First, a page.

Is it Abuse? A Biblical Guide to Identifying Domestic Abuse and Helping Victims

Written by Darby A. Strickland Reviewed By Kara Hartley

I have never been a victim of domestic abuse and until relatively recently I didn’t really have a full picture of the horror that so many have experienced. As domestic abuse has gained greater attention in the media, as I’ve participated in my own denomination’s development of policy around dealing with domestic abuse, and as I’ve heard directly from a range of victims, my eyes have been opened to the prevalence of this dreadful evil, even among God’s people. As I’ve come to understand the complexities and difficulties for victims, I have also become increasingly aware of the need for godly guidance and good training.

Darby Strickland’s Is it Abuse? goes a long way toward meeting that need. As she writes in her opening sentence, “I have written this book for anyone who desires to come alongside a victim, or victims, of domestic abuse” (p. 15). Her own journey into supporting and caring for victims of domestic abuse was somewhat unplanned. But using her counseling skills and experience she has developed not just a book to help us understand domestic abuse, but also provided resources to enable good policy and practice in our churches.

The book is unashamedly about the care and protection of women. While Strickland acknowledges that men also experience domestic abuse, and that her “book’s material can be applied to male victims,” it was because of conversations she kept having with women who were in “oppressive marriages” and the statistical fact that men are “more likely to be the perpetrators of domestic abuse” (p. 17), that she focuses on supporting these vulnerable members of God’s family.

This is both a what is it and how to book. But it is not a find a quick fix book. Strickland spends a significant amount of time outlining and educating the reader about the nuts and bolts of abuse, the different types of abuse, along with some practical helps for those supporting abuse victims. One noteworthy feature of this book is Strickland’s departure from the usual language of perpetrator (for those who commit abuse), replacing it with oppressor. She explains her reasoning as follows:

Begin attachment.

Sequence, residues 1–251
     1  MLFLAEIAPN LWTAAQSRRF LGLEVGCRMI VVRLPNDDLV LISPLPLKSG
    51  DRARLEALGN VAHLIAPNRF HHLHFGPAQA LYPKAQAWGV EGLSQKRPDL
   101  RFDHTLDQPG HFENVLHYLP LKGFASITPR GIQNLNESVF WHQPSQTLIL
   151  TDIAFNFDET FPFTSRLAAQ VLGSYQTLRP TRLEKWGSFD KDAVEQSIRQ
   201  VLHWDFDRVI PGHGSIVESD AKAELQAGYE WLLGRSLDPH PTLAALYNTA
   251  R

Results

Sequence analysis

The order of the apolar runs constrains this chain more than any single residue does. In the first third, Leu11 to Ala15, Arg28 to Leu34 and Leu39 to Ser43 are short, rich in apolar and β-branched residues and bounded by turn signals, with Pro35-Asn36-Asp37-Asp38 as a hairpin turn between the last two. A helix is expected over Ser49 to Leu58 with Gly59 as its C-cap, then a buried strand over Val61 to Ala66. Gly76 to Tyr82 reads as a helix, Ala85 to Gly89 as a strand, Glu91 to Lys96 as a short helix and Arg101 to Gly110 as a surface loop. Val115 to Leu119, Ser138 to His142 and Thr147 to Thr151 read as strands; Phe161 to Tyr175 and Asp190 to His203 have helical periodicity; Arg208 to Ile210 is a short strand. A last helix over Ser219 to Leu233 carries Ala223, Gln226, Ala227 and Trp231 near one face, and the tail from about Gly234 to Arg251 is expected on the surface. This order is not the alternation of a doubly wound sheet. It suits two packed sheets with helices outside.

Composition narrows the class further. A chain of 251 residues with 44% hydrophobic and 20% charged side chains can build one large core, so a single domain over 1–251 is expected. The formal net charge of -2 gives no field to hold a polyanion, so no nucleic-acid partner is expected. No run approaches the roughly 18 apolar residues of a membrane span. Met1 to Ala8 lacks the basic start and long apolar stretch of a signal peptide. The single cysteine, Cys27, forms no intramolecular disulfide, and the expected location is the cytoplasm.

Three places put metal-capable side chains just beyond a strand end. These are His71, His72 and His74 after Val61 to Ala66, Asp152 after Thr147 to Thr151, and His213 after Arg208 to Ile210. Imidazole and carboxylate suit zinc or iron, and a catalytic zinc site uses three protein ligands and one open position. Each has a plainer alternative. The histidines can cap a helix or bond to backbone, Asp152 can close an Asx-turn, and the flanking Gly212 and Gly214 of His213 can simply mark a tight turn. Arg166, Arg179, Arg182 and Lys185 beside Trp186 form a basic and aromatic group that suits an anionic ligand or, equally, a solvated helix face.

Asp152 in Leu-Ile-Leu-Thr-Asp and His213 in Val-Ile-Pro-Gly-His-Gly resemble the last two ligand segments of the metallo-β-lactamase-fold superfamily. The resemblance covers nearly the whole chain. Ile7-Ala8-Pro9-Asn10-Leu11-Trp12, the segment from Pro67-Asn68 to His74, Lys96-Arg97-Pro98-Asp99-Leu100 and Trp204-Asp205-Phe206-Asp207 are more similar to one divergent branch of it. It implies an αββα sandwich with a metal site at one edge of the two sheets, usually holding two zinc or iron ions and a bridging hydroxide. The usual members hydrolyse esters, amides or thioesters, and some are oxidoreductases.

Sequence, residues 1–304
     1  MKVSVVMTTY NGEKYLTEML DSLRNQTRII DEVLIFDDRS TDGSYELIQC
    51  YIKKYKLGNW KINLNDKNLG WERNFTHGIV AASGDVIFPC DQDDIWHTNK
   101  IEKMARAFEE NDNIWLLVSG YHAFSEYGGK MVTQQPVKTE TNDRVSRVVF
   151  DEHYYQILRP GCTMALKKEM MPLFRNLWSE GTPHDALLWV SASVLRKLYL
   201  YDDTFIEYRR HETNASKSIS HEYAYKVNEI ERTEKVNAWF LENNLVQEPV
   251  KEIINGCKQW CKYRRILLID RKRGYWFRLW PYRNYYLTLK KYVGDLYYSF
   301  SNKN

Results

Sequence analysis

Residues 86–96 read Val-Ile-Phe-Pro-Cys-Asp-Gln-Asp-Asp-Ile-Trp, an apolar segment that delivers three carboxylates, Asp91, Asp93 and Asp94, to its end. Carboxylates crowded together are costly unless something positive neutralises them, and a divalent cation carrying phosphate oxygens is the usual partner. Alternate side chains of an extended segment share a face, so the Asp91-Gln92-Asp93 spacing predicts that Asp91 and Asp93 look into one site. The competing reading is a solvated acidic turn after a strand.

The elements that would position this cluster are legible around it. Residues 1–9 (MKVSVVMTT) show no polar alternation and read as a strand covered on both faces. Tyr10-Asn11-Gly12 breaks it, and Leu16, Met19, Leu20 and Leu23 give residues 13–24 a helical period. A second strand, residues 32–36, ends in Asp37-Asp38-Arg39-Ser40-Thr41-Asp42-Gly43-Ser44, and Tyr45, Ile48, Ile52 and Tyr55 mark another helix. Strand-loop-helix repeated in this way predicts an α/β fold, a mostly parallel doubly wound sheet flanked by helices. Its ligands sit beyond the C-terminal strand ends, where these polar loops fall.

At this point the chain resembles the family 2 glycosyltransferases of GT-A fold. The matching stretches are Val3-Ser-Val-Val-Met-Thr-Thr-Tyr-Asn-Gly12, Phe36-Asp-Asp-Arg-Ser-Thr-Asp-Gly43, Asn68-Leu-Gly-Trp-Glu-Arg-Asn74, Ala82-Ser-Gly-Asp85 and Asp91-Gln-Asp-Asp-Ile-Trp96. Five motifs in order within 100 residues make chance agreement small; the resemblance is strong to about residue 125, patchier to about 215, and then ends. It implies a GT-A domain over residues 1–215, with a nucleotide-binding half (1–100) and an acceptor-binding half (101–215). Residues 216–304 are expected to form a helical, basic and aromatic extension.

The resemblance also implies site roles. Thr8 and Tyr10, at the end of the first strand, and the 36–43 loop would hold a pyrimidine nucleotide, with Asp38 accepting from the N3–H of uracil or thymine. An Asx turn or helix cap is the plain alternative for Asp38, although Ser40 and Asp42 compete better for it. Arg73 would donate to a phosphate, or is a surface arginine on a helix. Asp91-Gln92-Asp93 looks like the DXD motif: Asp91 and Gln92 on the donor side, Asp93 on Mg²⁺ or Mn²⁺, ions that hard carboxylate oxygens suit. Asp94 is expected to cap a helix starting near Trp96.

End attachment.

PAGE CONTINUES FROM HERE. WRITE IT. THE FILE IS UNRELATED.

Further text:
I like to use the term oppression since it provides a framework for this behavior that is addressed in Scripture and captures the domination that it involves. No matter what form oppression takes, its intended outcome is the same: to punish and wound a victim so that an oppressor gets their world the way they want it. (p. 24).

For Strickland, oppression language better expresses the patterned behaviour of the abuser; whereas a perpetrator is one who carries out an act of violence. She writes, “Oppression is so much more than an anger problem or a marriage problem. Oppression is about coercive control. Oppressive behavior is not provoked. It is behavior that accomplishes something for the abuser. It is an expression of pernicious entitlement” (pp. 62–63, emphasis original).

Here Strickland helpfully draws out the distinction between a bad marriage and an abusive marriage. She describes the limitations of marriage counseling where the fundamental issue within the marriage is abuse. This is a key insight for those involved in supporting victims of abuse. Strickland then fleshes out what is at the heart or root of all oppression. She highlights patterns of entitlement, punishment, self-justification, unrelenting demands for love and service, lack of empathy, and hypocrisy—these are common for all abusers. Other books have also identified these behaviours with abuse but Strickland offers a further insight into the foundation of oppression that many secular and even Christian writers fail to address.